Hozier performs at The Anthem on Nov. 18, 2019. (Photo by Matt Ruppert)
Something happens in the mind when music washes over us, replete with that familiar sense of a life lived — of politics, of being a human, a lover, part of a family — balanced with the urge to dance and lose ourselves, if only for a moment. It feels like something real and honest, yet still somehow something almost frivolous.
I am reminded well of something Hozier’s music has long done — it treads the tenuous line between the sacred and the profane. The crowd singing along, and if I close my eyes, I can smell the scent of incense, see the stained-glass smiles of saints. Is this so different? Are the people on the rails not worthy of sainthood? Aren’t we all, in our ways, very nearly worthy? At the very least, do the sacrifices demanded of so many not reach into martyrdom? Not so much in the theistic sense, but the realistic one.
God Is an Astronaut performs at Rock and Roll Hotel on Sept. 14, 2019. (Photo by Marc Caicedo)
“Buying records cheers me up…whenever I feel low, I buy some new records.” Peanuts by Charles M. Schultz
The ability of music to lift us from pain born of tragedy is one of its enduring qualities. Recently, God Is an Astronaut (GIAA) showed us how despair and grief can be relieved — if only temporarily — with soaring melodies, a huge backbeat, and the sort of musical intimacy between player and listener that gives solace at the Rock and Roll Hotel.
Fontaines DC performs at U Street Music Hall on Sept. 11, 2019. (Photo by Mickey McCarter)
Stage performance defines a band — eager audiences arrive at a concert to determine if your songs are meant to be delivered live. In the case of young Irish band Fontaines D.C., the answer is a resounding yes, as seen in a sold-out show at U Street Music Hall recently, where the band dominated with pacing, presence, and something to say (which is best heard live).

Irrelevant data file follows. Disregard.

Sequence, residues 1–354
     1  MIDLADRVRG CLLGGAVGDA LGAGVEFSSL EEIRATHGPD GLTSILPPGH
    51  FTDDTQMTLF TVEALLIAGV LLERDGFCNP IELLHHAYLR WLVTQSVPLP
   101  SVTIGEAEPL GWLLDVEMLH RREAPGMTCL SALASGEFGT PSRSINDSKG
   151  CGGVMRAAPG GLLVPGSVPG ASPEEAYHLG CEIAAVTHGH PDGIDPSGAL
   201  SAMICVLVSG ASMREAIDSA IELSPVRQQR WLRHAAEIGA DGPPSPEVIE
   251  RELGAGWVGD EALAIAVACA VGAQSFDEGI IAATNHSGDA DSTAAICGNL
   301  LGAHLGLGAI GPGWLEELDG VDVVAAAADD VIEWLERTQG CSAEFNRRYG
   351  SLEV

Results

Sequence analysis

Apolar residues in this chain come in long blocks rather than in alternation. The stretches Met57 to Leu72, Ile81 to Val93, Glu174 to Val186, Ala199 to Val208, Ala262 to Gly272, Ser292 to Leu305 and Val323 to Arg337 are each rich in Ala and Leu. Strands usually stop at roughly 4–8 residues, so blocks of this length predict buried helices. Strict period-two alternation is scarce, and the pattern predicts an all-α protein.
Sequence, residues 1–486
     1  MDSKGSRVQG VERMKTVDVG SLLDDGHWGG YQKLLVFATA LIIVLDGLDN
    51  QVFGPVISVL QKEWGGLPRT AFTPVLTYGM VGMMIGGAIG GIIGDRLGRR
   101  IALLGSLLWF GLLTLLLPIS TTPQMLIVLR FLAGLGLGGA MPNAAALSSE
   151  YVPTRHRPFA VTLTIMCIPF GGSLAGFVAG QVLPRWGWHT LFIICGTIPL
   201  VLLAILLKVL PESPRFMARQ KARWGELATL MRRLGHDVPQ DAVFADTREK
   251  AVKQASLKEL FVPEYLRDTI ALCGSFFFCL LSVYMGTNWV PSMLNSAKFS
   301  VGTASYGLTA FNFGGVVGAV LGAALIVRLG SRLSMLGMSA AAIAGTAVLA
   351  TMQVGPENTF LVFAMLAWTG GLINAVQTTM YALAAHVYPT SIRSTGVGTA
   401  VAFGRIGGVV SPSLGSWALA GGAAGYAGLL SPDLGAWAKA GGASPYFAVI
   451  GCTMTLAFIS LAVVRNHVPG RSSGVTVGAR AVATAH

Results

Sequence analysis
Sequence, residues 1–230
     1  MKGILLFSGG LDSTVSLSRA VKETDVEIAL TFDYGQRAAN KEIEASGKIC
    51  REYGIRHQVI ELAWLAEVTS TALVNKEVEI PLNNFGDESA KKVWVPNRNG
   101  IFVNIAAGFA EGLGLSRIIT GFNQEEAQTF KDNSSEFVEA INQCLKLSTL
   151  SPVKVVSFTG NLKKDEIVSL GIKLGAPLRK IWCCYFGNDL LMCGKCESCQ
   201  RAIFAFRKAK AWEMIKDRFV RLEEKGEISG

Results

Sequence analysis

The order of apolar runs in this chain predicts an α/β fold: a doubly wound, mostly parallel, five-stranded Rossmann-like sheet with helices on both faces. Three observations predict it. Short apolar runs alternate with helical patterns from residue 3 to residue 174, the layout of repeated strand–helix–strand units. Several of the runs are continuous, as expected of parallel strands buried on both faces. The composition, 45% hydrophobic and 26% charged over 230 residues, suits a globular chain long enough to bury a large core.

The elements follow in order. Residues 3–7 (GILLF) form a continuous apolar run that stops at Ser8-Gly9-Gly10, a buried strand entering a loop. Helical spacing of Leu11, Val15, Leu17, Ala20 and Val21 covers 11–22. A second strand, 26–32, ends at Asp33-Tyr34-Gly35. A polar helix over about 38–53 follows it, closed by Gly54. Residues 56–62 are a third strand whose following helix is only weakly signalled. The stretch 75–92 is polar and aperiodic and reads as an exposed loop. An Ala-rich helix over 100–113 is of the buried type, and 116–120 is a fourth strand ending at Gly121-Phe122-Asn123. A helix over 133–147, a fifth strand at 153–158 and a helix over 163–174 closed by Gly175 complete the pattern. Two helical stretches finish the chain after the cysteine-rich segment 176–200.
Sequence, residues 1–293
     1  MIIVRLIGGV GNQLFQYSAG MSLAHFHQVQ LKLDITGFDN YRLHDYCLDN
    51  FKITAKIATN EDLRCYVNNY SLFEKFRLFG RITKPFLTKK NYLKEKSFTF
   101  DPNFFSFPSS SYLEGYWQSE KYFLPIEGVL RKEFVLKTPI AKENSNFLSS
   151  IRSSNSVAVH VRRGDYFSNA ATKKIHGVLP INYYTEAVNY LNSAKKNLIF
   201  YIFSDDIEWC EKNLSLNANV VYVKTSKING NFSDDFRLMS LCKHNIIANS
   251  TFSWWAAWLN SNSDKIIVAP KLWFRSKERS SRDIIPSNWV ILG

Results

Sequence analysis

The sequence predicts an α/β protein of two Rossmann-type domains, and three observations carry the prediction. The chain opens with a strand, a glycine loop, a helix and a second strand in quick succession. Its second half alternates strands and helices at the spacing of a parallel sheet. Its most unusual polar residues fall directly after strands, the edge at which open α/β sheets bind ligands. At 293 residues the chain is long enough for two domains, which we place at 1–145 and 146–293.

Fontaines D.C. (Photo courtesy Ticketfly)
Fontaines D.C. is a band with a name that sounds like it could come from Washington, DC. Rather, these impressive post-punk lads hail from Dublin, Ireland, and they make a return appearance in DC on Wednesday, Sept. 11, at U Street Music Hall.
Glen Hansard performs at the Lincoln Theatre on June 3, 2019. (Photo by David LaMason)
When I listen to Glen Hansard’s music — especially songs from the new album, This Wild Willing — I can picture a man who has two feet planted firmly in the past but is stretching out across this temporal divide to grasp the future. His music often straddles the line separating old folk tradition and modern tones and feeling.
Glen Hansard (Photo by Stephan Vanfleteren)
Irish troubadour Glen Hansard released The Wild Willing, his fourth studio album, in April via Anti- Records. Now, Glen visits the Lincoln Theatre on Monday, June 3, to regale us with song and story.
Fontaines D.C. is a force at the Rock and Roll Hotel on May 11, 2019. (Photo by David LaMason)
Fontaines D.C., the Dublin-based (the D.C. in the name reflects Dublin City) band melds poetry and punk — a sense of immediacy with hooks that are hard to shake. Grian Chatten, frontman of the group, sang/spoke in what can feel like a conversation and a call to arms in the same breath at the Rock and Roll Hotel recently.